Sunday, February 3, 2013

Lord of the Flies by William Golding

"William Golding's compelling story about a group of very ordinary small boys marooned on a coral island has become a modern classic. At first it seems as though it is all going to be great fun; but the fun before long becomes furious and life on the island turns into a nightmare of panic and death. As ordinary standards of behaviour collapse, the whole world the boys know collapses with them—the world of cricket and homework and adventure stories—and another world is revealed beneath, primitive and terrible."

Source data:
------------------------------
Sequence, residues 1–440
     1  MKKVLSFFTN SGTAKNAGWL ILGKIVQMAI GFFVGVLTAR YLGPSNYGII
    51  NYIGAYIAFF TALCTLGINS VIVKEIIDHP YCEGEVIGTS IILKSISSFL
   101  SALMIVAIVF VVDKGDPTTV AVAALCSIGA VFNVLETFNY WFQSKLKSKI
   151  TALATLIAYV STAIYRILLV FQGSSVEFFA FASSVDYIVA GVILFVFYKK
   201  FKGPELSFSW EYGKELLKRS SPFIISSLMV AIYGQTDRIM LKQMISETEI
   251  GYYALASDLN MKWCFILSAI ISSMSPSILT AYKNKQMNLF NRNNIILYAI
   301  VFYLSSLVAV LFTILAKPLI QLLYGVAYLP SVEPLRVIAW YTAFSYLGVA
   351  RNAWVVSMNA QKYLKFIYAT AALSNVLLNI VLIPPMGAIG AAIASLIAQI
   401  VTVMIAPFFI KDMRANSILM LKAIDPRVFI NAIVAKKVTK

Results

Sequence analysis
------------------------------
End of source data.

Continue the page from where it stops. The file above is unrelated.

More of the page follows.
Ahem. Sorry about this. I honestly didn't know what else to do, seeing as all the books I've read this week are advance copies and would do you no good whatsoever to review. Hence, you get my English book. There'll be a modern book next week, though, I promise. Anyway, although like any other assigned reading I wasn't the biggest fan of the book, it had its merits. One thing I noticed right off was the descriptions and use of visuals, that seemed amazingly spot-on and were the type that you could use to create a perfect picture in your head. There was also a fair bit of new vocabulary that I had to look up, which I always like. The actual reading of the book wasn't too enjoyable--it was a very guy-like, violent mentality--but I was interested by some of the parallels it causes you to inevitably draw. It wasn't one of the worst classics I've read, but it's not my favorite either. I'd say read this one if you're set on it, but if you're looking for just a basic classic I'd choose To Kill A Mockingbird over this one any day. It's at SHS, Mt. Edgecumbe, BMS, and Kettleson. Basically all the libraries.

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